We started looking for somewhere to sleep and yet again just as darkness started to unroll its cloak the village of Msemrir and its café appeared. No sooner had we stopped Hamid the proprietor stepped out, tall, dressed in a heavy black djellaba, the Moroccan hooded robe, he greeting us in English, shaking hands we quickly negotiated bed, breakfast and evening meal, with a locked garage for the bikes. No hot water made the deal cheaper, but nothing is quite what it appears. The Auberge was not part of the café, it was further into the village, later we guessed it was his old family home as they were now living in a bigger and more modern house behind. The anxious ride up and down the narrow, steep, rough unpaved streets behind his car, in the pitch darkness ended our day. We had the place to ourselves, a cold strip wash followed the sweet mint tea and mixed nuts he brought for us. Then we ate our first Tajine, chicken and vegetables cooked in their own juices in a thick earthenware pot, followed by fresh fruit and more tea, this drew the curtain on another long and full day.
During the night, the first wave of wind brought heavy rain lashing against the windows and a stream of water down the stairs leading from the roof, this collecting in a puddle on the ceramic floor. Somewhere a heavy metal door clanged loudly against its frame and the village dogs proved that they didn’t need to sleep. A few hours silence allowed us to sleep, snuggled down under the weighty blankets, the night had turned cold. But the second wave as loud as the first gave us an early morning call and we listened and wondered what the day would bring, assuming we decided to leave our refuge as winter seemed to have arrived. We need not have worried, daylight allowed us you survey our surrounding from the roof terrace, the clouds were breaking and wind had disappeared, this left us only with the biting cold.
Monday 11th October
We were collected for breakfast as arranged and we rode though the streets back to the café and this time stepping across the threshold different worlds met; a large television set was mounted on the wall high above the counter and rather than optics, row upon row of the distinctive red labelled Coke-a-Cola bottles decorated the wall. Two play station handsets lay on the bar, the long cables looping up to the TV and no guessing the owner’s other passion, as a large Barcelona flag dressed one wall alongside glossy team posters. Our meal was laid out including the foil wrapped triangular laughing cow cheese which accompanied many of our breakfasts. After we had eaten and were waiting to pay we again noticed the large pile of blankets on one of the low settees, but this time the sandals gave it away, we had not been sat eating alone, now we found that the younger brother of the owner had been sleeping hidden under the blanket.
John Wayne would have been proud, we were burning day light and so we were off before much of the village had even stirred, the dogs now quiet lounging lazily, not even bothering to raise their heads as we motored by – so much for this scary story. The scenery was such that it was hard not to stop at every new view to record and drink it in. The road twisted down the valley, steeply at times, hair pin after hair pin, buildings clinging to the steep rocky hillsides. And the rocks, layer upon layer visible, their tortured past shown clearly as the strata bent, curved and folded back on its self. At other times huge bulbous formations like massive fingers and thick layers of children’s plasticine looked foreign and out of place.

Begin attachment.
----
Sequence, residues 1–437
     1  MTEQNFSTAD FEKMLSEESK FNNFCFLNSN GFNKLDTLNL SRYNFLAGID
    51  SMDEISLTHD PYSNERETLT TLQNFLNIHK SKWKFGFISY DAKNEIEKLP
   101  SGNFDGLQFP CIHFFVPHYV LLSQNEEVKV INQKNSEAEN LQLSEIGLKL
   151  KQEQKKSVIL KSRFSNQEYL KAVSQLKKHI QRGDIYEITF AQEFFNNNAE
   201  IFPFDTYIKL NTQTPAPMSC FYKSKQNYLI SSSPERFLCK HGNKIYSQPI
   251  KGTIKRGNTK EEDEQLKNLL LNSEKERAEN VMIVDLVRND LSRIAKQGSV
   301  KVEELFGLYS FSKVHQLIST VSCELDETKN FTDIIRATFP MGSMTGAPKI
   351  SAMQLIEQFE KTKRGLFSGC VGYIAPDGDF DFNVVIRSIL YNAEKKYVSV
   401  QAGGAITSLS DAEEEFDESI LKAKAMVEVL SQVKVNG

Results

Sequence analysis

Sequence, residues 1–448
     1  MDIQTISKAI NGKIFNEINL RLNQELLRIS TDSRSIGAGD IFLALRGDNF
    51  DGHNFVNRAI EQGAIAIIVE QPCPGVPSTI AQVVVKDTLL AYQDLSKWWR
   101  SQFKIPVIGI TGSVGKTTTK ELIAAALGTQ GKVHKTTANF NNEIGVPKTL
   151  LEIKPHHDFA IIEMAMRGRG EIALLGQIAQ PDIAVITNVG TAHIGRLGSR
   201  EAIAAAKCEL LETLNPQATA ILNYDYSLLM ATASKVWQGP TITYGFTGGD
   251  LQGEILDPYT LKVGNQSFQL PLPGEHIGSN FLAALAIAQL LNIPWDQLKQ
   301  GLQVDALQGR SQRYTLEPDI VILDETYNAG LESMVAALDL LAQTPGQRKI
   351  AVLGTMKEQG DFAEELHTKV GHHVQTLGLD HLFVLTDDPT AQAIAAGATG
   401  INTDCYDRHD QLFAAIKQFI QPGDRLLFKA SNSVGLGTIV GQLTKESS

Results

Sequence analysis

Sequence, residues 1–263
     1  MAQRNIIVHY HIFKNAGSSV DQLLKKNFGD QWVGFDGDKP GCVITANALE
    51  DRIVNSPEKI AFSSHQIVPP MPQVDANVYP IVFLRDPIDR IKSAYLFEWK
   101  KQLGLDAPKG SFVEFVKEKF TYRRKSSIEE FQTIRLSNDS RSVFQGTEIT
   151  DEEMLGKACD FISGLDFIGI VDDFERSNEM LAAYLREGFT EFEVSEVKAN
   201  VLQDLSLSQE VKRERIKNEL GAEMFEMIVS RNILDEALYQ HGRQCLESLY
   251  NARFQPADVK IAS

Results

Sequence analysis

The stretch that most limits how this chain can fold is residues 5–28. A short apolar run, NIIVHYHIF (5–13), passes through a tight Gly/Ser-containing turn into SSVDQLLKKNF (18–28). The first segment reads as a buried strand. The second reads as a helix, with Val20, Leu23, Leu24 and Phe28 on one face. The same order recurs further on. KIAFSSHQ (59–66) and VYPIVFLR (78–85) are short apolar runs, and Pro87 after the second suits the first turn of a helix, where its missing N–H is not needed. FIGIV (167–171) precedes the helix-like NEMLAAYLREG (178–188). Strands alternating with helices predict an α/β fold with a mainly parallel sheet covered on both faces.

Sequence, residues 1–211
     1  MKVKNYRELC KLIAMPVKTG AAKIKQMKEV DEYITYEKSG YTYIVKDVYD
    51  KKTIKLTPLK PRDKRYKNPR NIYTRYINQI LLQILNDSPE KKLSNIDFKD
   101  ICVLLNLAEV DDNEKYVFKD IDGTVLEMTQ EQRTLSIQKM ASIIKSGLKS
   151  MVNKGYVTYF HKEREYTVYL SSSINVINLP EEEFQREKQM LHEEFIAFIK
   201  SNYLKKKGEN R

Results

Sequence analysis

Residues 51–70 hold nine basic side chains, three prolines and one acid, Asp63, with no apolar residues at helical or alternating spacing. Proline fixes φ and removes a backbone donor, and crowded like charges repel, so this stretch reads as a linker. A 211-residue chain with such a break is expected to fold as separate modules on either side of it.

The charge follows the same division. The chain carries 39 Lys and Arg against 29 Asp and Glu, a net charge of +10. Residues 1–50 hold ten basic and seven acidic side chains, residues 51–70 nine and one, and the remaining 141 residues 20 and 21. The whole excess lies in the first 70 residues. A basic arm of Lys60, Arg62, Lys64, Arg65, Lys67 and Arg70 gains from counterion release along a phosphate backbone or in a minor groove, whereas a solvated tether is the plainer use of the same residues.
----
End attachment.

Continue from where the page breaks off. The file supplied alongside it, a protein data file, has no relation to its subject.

At the filling station the suns rays finally tempted us to strip off the wet weather gear and enjoy both the warmth and feeling that a full tank of petrol brings. Gazing up at the mountains from where we had just come, the white clouds only half disguised the freshly snow dusted peaks and ridges. This was the first snow of winter we learned later from the Dutch sage Peter Buitelaar.
The fellowship that comes with riding motorcycles meant we weren’t stood long before two German riders stopped and introduced themselves. They were Moroccan ‘newbies’ like us but with less time were racing around, with over loaded bikes. One was even carrying a spare back tyre, just in case ! We shared our inexperience with smiles and jokes and we described where they were going and they told us of our destination.
Onwards down from the hills we rode west towards Quarzazate, pronounced wazazat, difficult for my English tongue. Our smiles soon faded as the wind returned, the cold air from the hills rushing out to the desert and our lean angle barely maintained a straight line as the dust laden wind blew across the road. Enough ! Following a sheltered respite in a café the decision was made and an early finish at the BikersHome at Quarzazate was voted for. The Dutchman and his Moroccan wife Zineb make their living taking adventurers out into the desert by 4x4 or using their small fleet of off road bikes. They also offer B&B and it was to this welcoming haven we arrived, missing Mike and Chris by just 3 hours, never mind. The welcome and the ready humour of our genial hosts made us feel relaxed and comfortable. Our roof top room looked out over the town, the view smudged by the wind borne dust. That evening ten of us crowded round the table which was barely visible beneath all the different dishes and a deep relaxed sleep followed hours of good company and conversation.